Will Safe Injection Sites curb the rate of Drug Overdose?

The idea of safe injection sites have been at the forefront of overhauling the behavioral health care system in the United States as the drug overdose epidemic continues to rise. Last month in August 2020, California Governor Gavin Newsome vetoed a bill allowing Los Angeles, Oakland and San Francisco to open up supervised injection sites until the end of 2027. Newsome seemed weary of the idea and noted that it had the potential to “induce a world of unintended consequences.”

The legislation that was backed by California state senator Scott Wiener of San Francisco, believes opening up safe injection sites allow those who are using drugs, to do so in a safe environment. Many times using dirty needles or the sharing of needles when individuals engage in intravenous opioid use, leads to a high risk of HIV/AIDS transmission. Sometimes these needles are not properly disposed of and can cause harmful effects if a passerby is accidentally exposed to it. Because of these individuals who have nowhere else to go, they end up using their drug of choice out in the open where there is greater potential for harm to their wellbeing as well as others surrounding them. 

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Advocates of the bill say it would help prevent overdoses, slow the spread of HIV and Hepatitis C and ultimately benefit the health care system as hospitals and emergency rooms free up from patients who overdose. These “overdose prevention centers” would be equipped with sterile supplies, withdrawal management and primary care services, life saving medications such as naloxone, which helps prevent overdose, and a staff of caring medical professionals on standby to ensure the safety of every individual who chooses to come to the site. 

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Many believe safe injection sites are a realistic harm reduction strategy that has been proven to save lives in other countries in Europe, Canada and Australia, where they have been legally operating since 1986. There are currently an estimated 100 or more safe injection sites around the world. Programs like this help remove the shame and stigmatization of those with addictions, substance use disorders and co-occurring mental health conditions. Ultimately it provides meaningful help for members of this community and encourages them to seek long term care through substance abuse rehab programs and social services.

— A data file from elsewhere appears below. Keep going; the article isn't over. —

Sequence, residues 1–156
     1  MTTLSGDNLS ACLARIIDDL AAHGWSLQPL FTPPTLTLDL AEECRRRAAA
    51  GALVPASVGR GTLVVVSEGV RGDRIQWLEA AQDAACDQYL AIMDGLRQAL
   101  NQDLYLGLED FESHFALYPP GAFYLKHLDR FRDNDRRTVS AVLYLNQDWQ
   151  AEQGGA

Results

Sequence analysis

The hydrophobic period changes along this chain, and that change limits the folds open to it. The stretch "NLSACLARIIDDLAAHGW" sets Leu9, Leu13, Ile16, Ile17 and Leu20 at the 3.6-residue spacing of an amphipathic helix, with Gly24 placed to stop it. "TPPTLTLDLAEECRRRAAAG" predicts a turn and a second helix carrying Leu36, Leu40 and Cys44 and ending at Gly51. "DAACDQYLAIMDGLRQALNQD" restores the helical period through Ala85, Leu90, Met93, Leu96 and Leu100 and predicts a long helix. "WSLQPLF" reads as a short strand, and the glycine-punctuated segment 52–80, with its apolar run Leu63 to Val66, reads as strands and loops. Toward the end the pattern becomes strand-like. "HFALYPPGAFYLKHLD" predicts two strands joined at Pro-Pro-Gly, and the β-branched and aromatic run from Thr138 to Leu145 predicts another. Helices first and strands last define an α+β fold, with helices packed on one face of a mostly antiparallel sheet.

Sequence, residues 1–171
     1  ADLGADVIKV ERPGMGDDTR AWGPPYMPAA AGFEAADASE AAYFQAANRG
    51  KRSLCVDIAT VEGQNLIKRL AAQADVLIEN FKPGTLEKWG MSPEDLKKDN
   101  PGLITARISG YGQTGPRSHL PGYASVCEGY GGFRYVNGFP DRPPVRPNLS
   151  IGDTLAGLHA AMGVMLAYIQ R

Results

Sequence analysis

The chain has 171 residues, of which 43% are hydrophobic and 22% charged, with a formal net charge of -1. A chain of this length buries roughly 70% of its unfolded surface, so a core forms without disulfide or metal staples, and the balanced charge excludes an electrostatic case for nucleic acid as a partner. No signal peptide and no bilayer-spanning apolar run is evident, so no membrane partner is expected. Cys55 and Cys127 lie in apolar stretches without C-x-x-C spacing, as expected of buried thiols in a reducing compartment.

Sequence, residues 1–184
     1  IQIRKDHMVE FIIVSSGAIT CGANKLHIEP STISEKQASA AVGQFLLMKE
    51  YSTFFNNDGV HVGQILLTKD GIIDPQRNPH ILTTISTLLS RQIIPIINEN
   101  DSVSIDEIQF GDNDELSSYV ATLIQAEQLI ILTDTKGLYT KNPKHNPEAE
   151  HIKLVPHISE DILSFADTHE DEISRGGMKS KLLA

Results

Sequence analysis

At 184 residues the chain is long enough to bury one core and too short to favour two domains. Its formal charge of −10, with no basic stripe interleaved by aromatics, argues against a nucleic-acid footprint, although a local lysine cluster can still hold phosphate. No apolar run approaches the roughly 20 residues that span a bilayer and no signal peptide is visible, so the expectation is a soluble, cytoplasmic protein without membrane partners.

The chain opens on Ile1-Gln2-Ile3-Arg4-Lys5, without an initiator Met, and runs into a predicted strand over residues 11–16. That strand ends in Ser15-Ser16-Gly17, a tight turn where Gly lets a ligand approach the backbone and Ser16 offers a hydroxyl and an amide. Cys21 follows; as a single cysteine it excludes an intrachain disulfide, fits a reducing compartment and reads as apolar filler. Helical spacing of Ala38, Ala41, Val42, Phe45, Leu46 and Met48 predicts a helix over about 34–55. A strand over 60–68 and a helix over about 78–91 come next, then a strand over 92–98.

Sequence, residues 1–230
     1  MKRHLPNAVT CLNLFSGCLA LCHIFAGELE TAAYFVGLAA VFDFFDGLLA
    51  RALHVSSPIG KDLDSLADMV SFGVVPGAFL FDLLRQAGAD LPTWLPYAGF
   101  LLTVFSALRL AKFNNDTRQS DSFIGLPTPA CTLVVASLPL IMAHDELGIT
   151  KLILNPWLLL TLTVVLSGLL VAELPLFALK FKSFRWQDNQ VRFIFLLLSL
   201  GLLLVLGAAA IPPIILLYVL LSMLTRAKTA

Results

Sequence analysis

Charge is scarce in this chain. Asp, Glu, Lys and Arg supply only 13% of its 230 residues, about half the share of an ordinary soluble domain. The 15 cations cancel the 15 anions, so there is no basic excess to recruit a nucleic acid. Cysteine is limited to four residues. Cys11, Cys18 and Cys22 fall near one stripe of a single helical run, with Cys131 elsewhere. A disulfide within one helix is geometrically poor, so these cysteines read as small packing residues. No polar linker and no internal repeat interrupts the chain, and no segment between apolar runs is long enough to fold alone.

There are currently two safe injection sites in the United States operating in New York City. The overdose prevention centers opened in 2021 and are run and operated by the nonprofit organization OnPoint NYC. 

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The legislation, which was originally vetoed by Newsome’s predecessor Jerry Brown, has stirred up tension for those who oppose openly condoning the usage of dangerous illegal substances at a time where the country’s opioid epidemic is at some of its highest rates in years. Policymakers should instead focus on expanding drug and alcohol treatment programs, says Jim Crotty, a former Drug Enforcement Administration official during the Obama administration. 

Substance abuse rehab programs such as, Hotel California by the Sea, is a premiere drug and alcohol rehab provider helping clients achieve long term recovery. Through medically managed detox, a residential inpatient program, various outpatient programs and specialized and effective substance use disorder behavioral therapies, anyone can recover from a substance addiction. Hotel California by the Sea offers individualized treatment plans through gender specific programs and specialized social services to create a well-rounded treatment plan addressing the physical, emotional and social aspects of a person’s addiction. 

References:

https://www.samhsa.gov/recovery-month

https://www.naadac.org/national-recovery-month

https://rm.facesandvoicesofrecovery.org/

https://www.npr.org/2022/01/15/1071282194/addiction-substance-recovery-treatment

https://www.recoveryanswers.org/research-post/1-in-10-americans-report-having-resolved-a-significant-substance-use-problem/

https://nida.nih.gov/publications/drugs-brains-behavior-science-addiction/treatment-recovery

https://nsduhweb.rti.org/respweb/homepage.cfm